As we leave the Judges Court in York we award Asia (the receptionist, not the continent) a small plastic trophy for best hotel so far in our Yorkshire swing. She seems slightly baffled by the presentation ceremony but accepts the tat graciously before no doubt chucking it straight in the bin after we leave.
We have brunch in Bills which is stuffed full of smiley, friendly front of house staff. They seem, though, to have forgotten to employ anybody in the kitchen and when our meal finally arrives it is a curious mix of raw bacon and savagely overcooked eggs. We dash for our taxi but it is late, and over the next ten minutes when I phone the firm at least four times I get the same automated message that it is “two minutes away”. Hmmm. We give up and rush to the station, recreating the last minute sprint of yesterday to step onto the train steaming and breathless for the second time in two days.
When we arrive at the B&B, Barry is waiting for us at the door as the taxi pulls up. I feel I already know him well after the short matter of booking the room turned into a half hour conversation. Simon feels there are Royston Vasey undertones about the whole set up. I haven’t seen the programme and I’m quite relieved that I haven’t. Barry seems excessively interested in how tall we both are, as though he’s measuring us up for something macabre.
There are some convoluted goings on about keys. Barry eventually gives us a key to our bedroom but wants us to leave that key on the table in the front room, just in case. He does not give us a key to the front door because he says he will be ready to open it whenever we return; I believe him. It is then that Simon, who has been examining the place like a forensic scientist would view the scene of a car crash, spots a display cabinet of truncheons. I think I can honestly say that I’ve never stayed anywhere before that has truncheons on display.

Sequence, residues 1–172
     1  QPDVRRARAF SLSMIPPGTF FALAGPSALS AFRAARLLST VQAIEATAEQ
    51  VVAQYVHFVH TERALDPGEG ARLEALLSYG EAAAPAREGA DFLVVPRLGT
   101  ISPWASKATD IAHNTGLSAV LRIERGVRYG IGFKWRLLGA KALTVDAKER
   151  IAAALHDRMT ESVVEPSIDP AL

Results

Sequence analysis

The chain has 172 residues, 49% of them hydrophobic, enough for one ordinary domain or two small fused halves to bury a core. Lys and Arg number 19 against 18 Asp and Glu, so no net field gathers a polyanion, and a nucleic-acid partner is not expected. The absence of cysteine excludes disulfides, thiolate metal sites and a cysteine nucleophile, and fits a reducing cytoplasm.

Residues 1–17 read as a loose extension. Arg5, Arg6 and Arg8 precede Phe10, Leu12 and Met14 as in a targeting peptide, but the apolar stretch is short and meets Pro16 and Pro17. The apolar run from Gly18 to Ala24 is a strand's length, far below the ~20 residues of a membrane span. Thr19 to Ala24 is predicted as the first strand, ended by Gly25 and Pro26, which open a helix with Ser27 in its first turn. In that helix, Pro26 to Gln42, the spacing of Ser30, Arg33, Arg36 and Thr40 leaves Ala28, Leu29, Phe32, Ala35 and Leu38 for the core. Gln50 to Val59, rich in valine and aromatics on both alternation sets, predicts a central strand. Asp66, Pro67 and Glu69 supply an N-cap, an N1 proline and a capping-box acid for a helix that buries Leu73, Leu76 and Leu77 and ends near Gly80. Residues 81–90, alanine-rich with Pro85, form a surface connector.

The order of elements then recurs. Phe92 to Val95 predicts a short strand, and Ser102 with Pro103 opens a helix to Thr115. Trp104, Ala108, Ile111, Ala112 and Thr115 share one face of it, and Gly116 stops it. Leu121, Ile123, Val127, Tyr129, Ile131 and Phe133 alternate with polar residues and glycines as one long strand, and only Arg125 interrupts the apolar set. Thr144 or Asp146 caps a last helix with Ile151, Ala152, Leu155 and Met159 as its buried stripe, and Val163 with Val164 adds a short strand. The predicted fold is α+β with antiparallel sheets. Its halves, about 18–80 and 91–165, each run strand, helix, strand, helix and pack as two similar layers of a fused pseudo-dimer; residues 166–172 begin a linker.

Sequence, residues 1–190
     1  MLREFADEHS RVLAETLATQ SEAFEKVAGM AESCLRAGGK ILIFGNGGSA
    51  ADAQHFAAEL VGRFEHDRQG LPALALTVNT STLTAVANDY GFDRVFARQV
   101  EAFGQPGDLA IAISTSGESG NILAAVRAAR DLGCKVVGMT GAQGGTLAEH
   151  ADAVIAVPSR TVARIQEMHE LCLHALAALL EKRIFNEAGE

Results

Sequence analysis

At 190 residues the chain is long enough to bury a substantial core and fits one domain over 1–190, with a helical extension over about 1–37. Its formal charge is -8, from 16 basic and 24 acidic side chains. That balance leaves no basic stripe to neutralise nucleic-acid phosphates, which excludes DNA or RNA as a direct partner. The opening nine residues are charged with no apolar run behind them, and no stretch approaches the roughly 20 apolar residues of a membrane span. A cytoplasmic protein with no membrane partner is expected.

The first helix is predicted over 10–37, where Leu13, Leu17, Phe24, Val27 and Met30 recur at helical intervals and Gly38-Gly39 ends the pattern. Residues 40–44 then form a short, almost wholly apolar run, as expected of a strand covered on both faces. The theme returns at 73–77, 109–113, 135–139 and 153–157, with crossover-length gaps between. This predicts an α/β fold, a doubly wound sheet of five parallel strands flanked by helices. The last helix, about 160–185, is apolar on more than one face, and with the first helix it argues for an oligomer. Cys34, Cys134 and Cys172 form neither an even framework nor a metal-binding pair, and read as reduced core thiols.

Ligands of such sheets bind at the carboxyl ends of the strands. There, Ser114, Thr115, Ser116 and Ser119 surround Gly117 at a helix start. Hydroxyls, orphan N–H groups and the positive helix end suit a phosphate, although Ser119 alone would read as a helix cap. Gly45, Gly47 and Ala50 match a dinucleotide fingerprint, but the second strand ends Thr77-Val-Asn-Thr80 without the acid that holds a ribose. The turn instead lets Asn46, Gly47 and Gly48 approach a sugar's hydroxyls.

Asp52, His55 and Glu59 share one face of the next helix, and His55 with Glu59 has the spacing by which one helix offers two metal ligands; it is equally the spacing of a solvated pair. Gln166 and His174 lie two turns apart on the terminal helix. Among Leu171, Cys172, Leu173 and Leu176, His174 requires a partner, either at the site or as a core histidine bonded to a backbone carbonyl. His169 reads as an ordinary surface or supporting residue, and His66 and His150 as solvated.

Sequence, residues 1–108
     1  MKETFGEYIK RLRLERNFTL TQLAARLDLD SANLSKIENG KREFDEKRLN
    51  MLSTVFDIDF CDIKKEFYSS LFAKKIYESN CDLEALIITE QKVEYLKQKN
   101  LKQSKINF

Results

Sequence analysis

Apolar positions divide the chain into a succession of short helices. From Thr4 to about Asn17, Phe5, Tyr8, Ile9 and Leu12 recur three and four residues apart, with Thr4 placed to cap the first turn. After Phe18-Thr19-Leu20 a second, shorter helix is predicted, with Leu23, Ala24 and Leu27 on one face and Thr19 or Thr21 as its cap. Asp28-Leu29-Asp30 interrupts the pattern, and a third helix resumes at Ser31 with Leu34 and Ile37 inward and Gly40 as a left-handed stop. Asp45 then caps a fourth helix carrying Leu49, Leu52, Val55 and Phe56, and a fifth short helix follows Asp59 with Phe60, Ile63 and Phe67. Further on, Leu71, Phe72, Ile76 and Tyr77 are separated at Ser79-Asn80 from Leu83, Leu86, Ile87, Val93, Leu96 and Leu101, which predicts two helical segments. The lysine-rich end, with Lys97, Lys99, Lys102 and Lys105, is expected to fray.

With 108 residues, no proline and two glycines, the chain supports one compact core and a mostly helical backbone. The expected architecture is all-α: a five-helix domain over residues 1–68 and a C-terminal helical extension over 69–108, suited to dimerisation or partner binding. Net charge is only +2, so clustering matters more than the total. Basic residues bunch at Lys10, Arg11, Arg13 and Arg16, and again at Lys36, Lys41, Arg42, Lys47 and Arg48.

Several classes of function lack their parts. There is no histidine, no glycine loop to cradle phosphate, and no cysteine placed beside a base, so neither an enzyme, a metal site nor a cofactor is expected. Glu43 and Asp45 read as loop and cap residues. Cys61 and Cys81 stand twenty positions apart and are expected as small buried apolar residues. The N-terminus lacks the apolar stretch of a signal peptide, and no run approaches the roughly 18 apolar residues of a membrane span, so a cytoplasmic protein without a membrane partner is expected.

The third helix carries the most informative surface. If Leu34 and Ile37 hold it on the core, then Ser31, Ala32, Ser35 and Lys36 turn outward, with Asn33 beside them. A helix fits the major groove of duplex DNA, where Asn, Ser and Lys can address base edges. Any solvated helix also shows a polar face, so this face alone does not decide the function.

Barry explains they have different uses. I’m afraid to ask, but the direct inquisitor that is Simon discovers that the smallest is used to hit fish over the head. “A fish cosh?” suggests Simon, but Barry simply responds “Pish cosh”. I’m not sure why. I try to move things on by asking about wifi, but Barry explains that the walls are so thick that you can’t get a signal from the bedroom. Or hear the screams?
But we can’t talk about wifi and truncheons all day, we’ve got a race meeting to go to, so after only another 20 minutes or so we manage to extricate ourselves and head into town for a loosener. There’s quite a selection of hostelries in the main square, but most of them sound from the outside like there’s a Mexican prison riot in progress, so we opt for The Royal, which is far from regal inside. The only female in the pub is singing Bohemian Rhapsody very loudly and far too closely for comfort. For the second time in ten minutes I feel my fight or flight reflex kick in and inhale my pint of lager before marching Simon out the door.
The atmosphere at the races seems better, but only in the way that if you give a box of fireworks more space to go off you get a less concentrated but bigger show. The James Herriot bar is a holding pen of myriad creatures of all sizes, and may indeed have been the inspiration for some of Hieronymus Bosch’s later works. The people of Thirsk are very loud, but perhaps that’s not their fault – in a town of loud people you have to shout to get heard, and they’re certainly not shy of shouting.
The punting is not going so well today. Mark Johnston was literally on fire yesterday, but today someone seems to have hosed him down, so to speak. One of the 2 year olds we back is given another suspicious ride that turns an obvious winning chance into a distant third. We select a few more losers and decide that it’s just not happening today. It’s not the worst course I’ve been to, but it’s not the best either and suffers from the comparison with its neighbour York. We head back early via Lidl, but somehow even that doesn’t seem to have the vibrancy of Pound World.
Barry is waiting for us when we arrive back and drags us into a 45 minute conversation about politics before we manage to escape. Actually, he is a warm and intelligent man who seems a bit lonely and not a little eccentric. His wife died quite a while back and he’s carried on the B&B business, as well as occasionally dabbling in antiques which was his main trade for many years. We lose track of time, and creep out for a late curry. Thirsk seems to have quietened down a bit and there’s now only the occasional animal noise from the main square. It’s not clear how we are going to get back in without a key, but rest assured when we return Barry is swiftly at the door to usher us in.